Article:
It seems that Iranian bread, loved and preferred by many families, has become a scarce commodity and may become a “food of the past” in the near future. A large number of tannour bakeries have shut down in many populated areas for several reasons, most notably the high rents, in addition to the departure of many bakers and workers who were experts in tannour baking either due to Covid-19 pandemic or several other reasons.
While some of the Iranians bakers have opted to work in coop societies and branches, others have found work at fish and vegetable markets, restaurants and others.To add insult to injury many of them left the labor market and returned home when the Public Authority for Manpower increased residence fees for non-graduate expatriates 60 years and above to more than 800 dinars including private health insurance and a majority of tannour workers fell in this category of workers and had no option but to leave for good.
With the monthly rents of shops in the investment areas reaching 750 to a thousand dinars, many of the bakeries owners making Iranian bread abandoned their businesses while some lucky ones found an opening in branches of cooperative societies and the shops designated for bakeries in the central markets.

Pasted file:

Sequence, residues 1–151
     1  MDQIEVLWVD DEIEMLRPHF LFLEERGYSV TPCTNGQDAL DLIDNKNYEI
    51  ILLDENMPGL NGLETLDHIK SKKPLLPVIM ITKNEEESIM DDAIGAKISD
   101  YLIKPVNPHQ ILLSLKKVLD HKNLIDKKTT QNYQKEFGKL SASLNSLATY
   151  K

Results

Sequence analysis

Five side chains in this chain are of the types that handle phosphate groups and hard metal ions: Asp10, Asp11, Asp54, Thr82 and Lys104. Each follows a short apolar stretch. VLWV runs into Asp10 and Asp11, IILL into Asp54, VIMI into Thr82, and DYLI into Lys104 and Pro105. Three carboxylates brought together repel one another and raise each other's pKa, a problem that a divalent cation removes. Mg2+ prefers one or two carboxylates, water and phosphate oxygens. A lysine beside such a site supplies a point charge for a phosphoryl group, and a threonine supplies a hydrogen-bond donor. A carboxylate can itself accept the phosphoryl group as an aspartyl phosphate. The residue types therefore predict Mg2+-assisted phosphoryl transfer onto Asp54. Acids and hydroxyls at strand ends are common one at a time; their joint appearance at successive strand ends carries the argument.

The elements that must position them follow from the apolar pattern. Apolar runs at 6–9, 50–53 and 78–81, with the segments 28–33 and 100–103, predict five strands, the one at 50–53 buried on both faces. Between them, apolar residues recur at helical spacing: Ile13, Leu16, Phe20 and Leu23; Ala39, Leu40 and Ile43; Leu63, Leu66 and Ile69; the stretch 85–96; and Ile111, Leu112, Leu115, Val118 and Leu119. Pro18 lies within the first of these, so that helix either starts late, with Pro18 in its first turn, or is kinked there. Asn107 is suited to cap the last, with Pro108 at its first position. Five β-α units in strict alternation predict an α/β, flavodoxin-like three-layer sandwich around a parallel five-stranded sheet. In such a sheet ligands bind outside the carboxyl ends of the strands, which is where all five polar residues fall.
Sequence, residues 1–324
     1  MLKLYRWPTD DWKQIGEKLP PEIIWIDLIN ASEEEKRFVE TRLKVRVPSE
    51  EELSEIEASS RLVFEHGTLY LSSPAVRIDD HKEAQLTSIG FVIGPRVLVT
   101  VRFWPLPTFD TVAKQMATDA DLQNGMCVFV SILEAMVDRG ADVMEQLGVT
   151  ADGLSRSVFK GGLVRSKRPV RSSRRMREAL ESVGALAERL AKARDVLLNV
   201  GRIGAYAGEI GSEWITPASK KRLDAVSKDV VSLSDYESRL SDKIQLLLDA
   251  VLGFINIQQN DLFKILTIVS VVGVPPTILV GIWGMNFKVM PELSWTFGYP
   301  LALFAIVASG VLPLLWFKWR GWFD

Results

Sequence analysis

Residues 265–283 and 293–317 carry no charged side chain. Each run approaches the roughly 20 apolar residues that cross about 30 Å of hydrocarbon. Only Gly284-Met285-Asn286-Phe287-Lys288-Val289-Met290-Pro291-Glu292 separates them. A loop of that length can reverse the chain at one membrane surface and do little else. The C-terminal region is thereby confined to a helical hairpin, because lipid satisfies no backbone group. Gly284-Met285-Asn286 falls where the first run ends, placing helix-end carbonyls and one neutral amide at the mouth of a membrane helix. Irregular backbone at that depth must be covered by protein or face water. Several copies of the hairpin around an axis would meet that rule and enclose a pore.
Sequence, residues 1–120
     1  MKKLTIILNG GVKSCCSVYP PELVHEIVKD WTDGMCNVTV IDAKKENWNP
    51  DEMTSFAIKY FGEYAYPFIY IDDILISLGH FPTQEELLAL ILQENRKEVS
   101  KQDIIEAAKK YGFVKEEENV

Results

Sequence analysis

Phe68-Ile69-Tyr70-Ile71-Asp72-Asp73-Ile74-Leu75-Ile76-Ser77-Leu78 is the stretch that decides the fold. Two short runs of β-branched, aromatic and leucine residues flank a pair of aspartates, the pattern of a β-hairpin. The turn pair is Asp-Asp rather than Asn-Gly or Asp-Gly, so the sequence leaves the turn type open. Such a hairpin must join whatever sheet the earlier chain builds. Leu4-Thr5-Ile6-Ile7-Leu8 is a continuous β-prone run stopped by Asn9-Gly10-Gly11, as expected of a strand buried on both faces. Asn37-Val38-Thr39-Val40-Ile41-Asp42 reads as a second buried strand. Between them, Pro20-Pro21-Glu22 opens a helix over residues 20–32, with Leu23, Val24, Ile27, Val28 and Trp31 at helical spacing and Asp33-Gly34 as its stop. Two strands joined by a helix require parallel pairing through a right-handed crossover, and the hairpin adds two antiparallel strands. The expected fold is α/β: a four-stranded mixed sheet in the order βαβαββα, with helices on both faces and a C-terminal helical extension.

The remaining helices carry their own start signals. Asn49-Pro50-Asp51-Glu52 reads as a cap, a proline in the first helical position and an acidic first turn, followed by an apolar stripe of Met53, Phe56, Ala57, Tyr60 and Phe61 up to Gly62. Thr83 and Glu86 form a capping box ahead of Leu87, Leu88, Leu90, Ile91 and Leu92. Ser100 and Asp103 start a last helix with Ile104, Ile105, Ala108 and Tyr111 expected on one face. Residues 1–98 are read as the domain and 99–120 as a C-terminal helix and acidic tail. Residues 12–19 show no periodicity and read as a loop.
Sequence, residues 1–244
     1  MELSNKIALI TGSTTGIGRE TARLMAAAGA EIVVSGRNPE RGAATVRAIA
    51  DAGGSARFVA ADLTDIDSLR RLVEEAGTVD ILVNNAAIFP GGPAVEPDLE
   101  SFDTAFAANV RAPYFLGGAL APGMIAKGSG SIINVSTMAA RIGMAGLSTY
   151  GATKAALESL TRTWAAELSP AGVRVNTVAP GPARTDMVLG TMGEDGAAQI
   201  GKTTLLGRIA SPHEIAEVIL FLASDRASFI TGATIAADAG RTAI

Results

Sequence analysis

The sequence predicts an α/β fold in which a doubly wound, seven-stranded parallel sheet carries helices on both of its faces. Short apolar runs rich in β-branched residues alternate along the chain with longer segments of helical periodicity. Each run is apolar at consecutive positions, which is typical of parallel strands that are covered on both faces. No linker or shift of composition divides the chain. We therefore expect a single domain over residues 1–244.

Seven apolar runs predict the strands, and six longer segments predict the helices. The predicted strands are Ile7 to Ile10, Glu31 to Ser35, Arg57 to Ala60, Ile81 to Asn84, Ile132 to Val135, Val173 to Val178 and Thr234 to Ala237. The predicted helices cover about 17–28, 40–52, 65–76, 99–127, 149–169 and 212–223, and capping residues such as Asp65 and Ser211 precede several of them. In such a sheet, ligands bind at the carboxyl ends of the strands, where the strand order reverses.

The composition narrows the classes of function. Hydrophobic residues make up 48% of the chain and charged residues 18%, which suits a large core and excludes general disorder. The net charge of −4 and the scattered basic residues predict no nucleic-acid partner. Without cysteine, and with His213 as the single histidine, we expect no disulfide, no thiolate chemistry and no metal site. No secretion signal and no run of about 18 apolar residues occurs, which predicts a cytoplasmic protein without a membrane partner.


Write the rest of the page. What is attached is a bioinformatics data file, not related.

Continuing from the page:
The advantages granted by cooperative societies, with the approval of the Ministry of Social Affairs, to Al-Tannour bakeries, have contributed to keeping this activity next to some coops, despite the closure of about 40% of Iranian bread bakeries in the country’s regions.
Ehsan Muhammad, who is in charge of Tannour Bakery in one of the cooperative societies, says the production in these bakeries is no longer limited to one type, which is Iranian bread in its usual size and shape. Rather, many bakeries have obtained approvals for producing other types of baked foods.
Muhammad went on to say, theIranian bread covered with sesame seed mixed with flavorings such as “cocoa, honey, cheese, cream” is one of the new products, in addition to the brown type produced with barley. Muhammad Shahid added, “During Ramadan, the demand for Iranian bread increases, and the production peaks in the afternoon and until the Maghreb call for prayer. The number of bread that is produced daily is about one thousand bread.
He pointed out that keeping the price of bread at 20 fils is due to the fact that bakeries obtain subsidized flour and diesel from the state, so the costs are good compared to the profits made monthly.
Despite the disappearance of tannour bakeries from the investment areas, they increased in cooperative societies and their branches whose numbers have shot to about 65. Another benefit is that the workers are granted residence permits and free health insurance, in addition to subsidized gas to operate the ovens.
The head of the Consumer Protection Association, Mishaal Al-Manea, spoke to the daily of the keenness of the cooperative societies to provide subsidies to tannour bakeries to preserve the price of products from any rise and protecting the rights of consumers.